Margaret Burroughs Interview

Skip to end of metadata
Go to start of metadata

Margaret Burroughs has been challenging the issues and boundaries imposed by racial prejudice ever since elementary school, and in John Fleming's interview with Burroughs, it is clear that her strong sense of integrity and conviction has not faltered in the years since. Fleming questions Burroughs as to what events in her life shaped this strength of character and gave her the motivation to establish two professional organizations and two institutions.

Burroughs' inspiration came largely from the era in which she was raised and the environment to which she was subjected as a young girl. At a time when opportunities for African Americans were limited and those in authority discouraged Burroughs and others from dreaming big and striving for goals, Burroughs fought against barriers of discrimination. From her experience of being punished for her knowledge of the ABC's, Burroughs learned the value of education and the precious determination to encourage herself on to enrich her own mind. When she would become a teacher, she would value these principles just the same, passing them on to her students in the hopes that she could fight the idea of a repression of African American history. She wanted her students to have no shame in their right and thirst for knowledge, especially not the knowledge of their own culture, about which students would rarely receive instruction or acknowledgment.

Burroughs believed in the preservation and celebration of African American history and culture, and it was this drive, which led to her involvement in the South Side Community Arts Center and the Du Sable Museum. The South Side Community Arts Center served as an arts and culture center for the African American minority, bringing in some of the most prominent African American artists and cultural figures of the time. While its focus was on the arts, Burroughs and several fellow teachers would band together to found another cultural center on Chicago's south side: that which would eventually be labeled the Du Sable Museum.

Burroughs talks casually about the development of the Du Sable Museum, seemingly regarding her accomplishments as a natural progression of her beliefs and ideals. She discusses the issue of the selection of the location for the museum, for example, a possibly problematic endeavor, as a passing decision. With her determination, handling the obstacles mounted before her seem like an effortless task. Contacting state legislators and campaigning for funding, instigating classes on how to teach African American history, she drops in these anecdotes casually and not belaboring the time or struggle which was involved, instead, focusing on the impact of that which would result from her efforts. She would set a precedent for other minorities interested in establishing cultural centers or museums celebrating their diversity and history.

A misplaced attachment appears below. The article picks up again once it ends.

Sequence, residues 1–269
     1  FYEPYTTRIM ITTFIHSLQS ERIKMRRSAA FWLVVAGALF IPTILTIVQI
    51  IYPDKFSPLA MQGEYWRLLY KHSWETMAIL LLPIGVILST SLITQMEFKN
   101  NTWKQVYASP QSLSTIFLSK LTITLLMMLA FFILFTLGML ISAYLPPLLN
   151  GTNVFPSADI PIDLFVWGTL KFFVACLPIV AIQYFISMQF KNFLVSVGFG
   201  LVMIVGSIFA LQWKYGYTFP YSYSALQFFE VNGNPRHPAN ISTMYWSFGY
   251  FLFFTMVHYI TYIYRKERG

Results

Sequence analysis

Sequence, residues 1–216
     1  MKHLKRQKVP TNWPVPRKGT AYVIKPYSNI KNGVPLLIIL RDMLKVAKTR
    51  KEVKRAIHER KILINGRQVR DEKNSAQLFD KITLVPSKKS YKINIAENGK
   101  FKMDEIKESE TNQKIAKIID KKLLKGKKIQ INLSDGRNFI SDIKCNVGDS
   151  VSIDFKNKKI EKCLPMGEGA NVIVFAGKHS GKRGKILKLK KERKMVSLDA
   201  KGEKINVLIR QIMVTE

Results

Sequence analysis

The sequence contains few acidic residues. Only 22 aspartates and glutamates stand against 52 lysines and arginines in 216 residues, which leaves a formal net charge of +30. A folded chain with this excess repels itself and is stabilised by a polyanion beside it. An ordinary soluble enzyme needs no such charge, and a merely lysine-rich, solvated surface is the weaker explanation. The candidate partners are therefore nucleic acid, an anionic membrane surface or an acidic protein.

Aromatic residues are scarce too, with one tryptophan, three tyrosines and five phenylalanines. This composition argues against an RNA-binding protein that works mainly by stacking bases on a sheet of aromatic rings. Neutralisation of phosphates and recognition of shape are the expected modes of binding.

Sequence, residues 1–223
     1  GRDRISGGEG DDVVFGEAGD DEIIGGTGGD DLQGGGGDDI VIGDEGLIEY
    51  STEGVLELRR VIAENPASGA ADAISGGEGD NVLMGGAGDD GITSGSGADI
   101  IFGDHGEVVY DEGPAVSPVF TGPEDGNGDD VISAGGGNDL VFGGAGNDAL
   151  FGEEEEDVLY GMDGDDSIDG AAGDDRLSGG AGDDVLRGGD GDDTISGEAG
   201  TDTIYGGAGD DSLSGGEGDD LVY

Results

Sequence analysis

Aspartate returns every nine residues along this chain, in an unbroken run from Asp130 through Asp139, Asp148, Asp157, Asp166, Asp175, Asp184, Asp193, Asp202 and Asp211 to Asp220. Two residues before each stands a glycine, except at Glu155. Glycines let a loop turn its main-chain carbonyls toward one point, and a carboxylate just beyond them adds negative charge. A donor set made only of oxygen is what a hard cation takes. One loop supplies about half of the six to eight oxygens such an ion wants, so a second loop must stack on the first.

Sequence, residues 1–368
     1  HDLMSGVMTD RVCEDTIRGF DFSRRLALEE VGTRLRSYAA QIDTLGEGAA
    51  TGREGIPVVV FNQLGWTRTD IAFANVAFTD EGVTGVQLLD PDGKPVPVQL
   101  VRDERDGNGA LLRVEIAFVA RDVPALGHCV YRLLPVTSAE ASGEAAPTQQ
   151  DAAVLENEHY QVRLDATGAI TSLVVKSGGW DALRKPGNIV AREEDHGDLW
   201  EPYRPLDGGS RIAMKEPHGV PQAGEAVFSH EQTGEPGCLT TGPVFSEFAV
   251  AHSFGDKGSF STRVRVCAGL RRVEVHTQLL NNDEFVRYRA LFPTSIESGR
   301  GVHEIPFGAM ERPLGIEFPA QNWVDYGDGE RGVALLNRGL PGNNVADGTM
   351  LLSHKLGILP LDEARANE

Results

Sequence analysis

Later, after traveling to Ghana and experiencing Africa first-hand, Burroughs would return to the United States with her head high, feeling an even stronger tie to her community after, for the first time, beginning to feel less and less like some unappreciated minority group. She describes the importance of feeling at home in a community where she was surrounded by others who shared her culture. She also values her travels to Africa because of that which she is able to take back to the museum and to people who have yet to have such an opportunity to travel. Beyond just the sharing of physical objects and the acquisition of museum pieces, Burroughs returns from Africa with a more expansive knowledge of culture and history, which she will then pass on to students and others. Her passion still remained an unfailing determination to educate African American people about their culture, and with such first-hand knowledge, she is able to do so on a more personal and personally rewarding scale than ever before.